[seqfan] A seed and a jumping bean

Eric Angelini Eric.Angelini at kntv.be
Fri Oct 7 12:34:33 CEST 2011


Hello SeqFans,
sorry to post only a link and a couple of lines,
but S is quite complex to explain in ASCII format
:-(
Best,
É.
http://www.cetteadressecomportecinquantesignes.com/Beans.htm

Consider S:
S=0,1,1,1,2,3,1,3,6,3,1,5,10,7,1,3,14,7,1,13,18,7,1,3,22,11,1,21,26,15,1,3,30,7,1,29,34,15,1,3,38,27,1,37,42, 
n=1,2,3,4,5,6,7,8,9,1,1,1, 1,1,1,1, 1,1,1, 2, 2,2,2,2, 2, 2,2, 2, 2, 3,3,3, 3,3,3, 3, 3, 3,3,4, 4, 4,4, 4, 4,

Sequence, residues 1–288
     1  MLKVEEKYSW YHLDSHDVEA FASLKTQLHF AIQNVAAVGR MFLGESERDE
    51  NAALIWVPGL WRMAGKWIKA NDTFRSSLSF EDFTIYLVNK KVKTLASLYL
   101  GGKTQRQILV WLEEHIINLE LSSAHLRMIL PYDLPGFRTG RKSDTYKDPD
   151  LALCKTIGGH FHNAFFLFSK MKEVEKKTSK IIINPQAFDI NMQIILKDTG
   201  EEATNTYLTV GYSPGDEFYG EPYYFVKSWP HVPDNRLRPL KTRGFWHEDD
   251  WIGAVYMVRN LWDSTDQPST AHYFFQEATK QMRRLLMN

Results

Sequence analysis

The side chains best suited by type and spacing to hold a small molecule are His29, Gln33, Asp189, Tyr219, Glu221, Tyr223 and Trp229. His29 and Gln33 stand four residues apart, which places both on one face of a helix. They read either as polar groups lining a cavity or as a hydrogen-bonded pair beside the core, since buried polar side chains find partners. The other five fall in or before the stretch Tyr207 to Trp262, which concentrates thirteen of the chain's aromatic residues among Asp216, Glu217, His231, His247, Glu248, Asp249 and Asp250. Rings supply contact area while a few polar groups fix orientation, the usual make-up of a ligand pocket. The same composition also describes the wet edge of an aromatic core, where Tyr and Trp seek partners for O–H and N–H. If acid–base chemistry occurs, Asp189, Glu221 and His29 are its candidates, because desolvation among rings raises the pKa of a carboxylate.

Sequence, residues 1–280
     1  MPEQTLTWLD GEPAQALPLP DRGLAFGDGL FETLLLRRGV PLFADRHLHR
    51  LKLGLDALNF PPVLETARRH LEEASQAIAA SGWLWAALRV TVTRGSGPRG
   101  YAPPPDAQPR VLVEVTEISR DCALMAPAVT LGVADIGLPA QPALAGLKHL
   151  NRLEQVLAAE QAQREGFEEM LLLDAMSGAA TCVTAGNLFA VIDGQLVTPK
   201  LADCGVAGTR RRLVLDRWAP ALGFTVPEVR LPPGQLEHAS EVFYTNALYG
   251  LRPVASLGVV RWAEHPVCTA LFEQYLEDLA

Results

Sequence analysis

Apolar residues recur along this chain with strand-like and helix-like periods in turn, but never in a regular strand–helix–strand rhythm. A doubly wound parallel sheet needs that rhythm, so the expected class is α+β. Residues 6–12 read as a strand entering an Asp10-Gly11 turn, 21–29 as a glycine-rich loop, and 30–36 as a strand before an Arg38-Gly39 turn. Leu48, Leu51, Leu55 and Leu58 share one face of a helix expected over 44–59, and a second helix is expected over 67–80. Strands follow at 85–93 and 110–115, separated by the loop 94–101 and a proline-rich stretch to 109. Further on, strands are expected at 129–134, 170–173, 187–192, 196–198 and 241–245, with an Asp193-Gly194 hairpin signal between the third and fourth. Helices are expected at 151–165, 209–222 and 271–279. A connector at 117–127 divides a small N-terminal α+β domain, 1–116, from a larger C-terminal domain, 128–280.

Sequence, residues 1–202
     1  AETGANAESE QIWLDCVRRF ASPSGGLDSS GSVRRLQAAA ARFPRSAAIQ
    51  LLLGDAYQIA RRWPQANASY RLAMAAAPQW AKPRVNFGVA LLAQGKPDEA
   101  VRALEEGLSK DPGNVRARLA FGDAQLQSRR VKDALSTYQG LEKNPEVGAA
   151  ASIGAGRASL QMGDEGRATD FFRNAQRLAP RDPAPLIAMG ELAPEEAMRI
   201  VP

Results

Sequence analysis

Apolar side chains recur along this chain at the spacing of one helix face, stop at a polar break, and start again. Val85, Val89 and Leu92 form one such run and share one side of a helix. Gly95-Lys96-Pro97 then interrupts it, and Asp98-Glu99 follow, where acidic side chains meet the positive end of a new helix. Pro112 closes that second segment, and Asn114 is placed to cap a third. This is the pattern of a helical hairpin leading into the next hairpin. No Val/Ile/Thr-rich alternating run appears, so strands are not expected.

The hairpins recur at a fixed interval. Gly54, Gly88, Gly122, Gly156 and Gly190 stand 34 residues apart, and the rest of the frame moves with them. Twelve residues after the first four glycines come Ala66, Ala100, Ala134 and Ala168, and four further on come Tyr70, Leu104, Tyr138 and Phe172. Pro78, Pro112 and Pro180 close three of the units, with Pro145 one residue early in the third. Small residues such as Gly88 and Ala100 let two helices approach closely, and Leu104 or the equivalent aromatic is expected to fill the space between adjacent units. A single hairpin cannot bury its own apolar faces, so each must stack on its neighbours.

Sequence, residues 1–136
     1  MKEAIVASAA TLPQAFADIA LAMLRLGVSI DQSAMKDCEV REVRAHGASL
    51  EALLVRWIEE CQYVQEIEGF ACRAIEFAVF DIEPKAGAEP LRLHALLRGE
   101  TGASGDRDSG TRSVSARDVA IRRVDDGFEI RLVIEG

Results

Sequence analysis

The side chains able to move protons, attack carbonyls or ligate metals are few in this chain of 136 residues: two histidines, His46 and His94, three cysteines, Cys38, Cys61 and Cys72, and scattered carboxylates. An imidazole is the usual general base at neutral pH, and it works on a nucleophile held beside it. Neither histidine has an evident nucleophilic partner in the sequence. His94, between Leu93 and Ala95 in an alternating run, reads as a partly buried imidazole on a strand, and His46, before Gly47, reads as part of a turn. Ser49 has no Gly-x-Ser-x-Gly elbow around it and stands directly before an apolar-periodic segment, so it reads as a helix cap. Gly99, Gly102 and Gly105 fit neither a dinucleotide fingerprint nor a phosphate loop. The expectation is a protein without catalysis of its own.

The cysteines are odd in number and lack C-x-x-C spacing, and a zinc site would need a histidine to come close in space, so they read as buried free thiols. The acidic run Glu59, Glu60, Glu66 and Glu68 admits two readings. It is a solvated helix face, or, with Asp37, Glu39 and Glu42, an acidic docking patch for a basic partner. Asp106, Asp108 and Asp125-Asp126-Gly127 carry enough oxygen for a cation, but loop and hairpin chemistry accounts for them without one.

0 1 2  3 4 5 6  7 8 9  0  1 2 3 4  5  6 7  8  9  0 1 2  3 4 5  6  7  8 9 0  1  2 3  4  5  
   [Read "n" vertically; thus S(10)=3, S(25)=22 and S(47)=1, for instance.]

S works like this:
- take any S(n), the "seed" --> for instance, for n=10, take S(10)=3 (this 3 is "the seed");
- jump from S(n) to the right over S(n) integers --> from S(10)=3 over 1,5,10 (3 integers);
- land on S[n+1+S(n)], "the bean" --> land on 7, "the bean";
S has been build in order to always have S(n)+S[n+1+S(n)]=n (or "seed"+"bean"=n --> 3+7=10).

This sequence is infinite and well defined.

(...)





More information about the SeqFan mailing list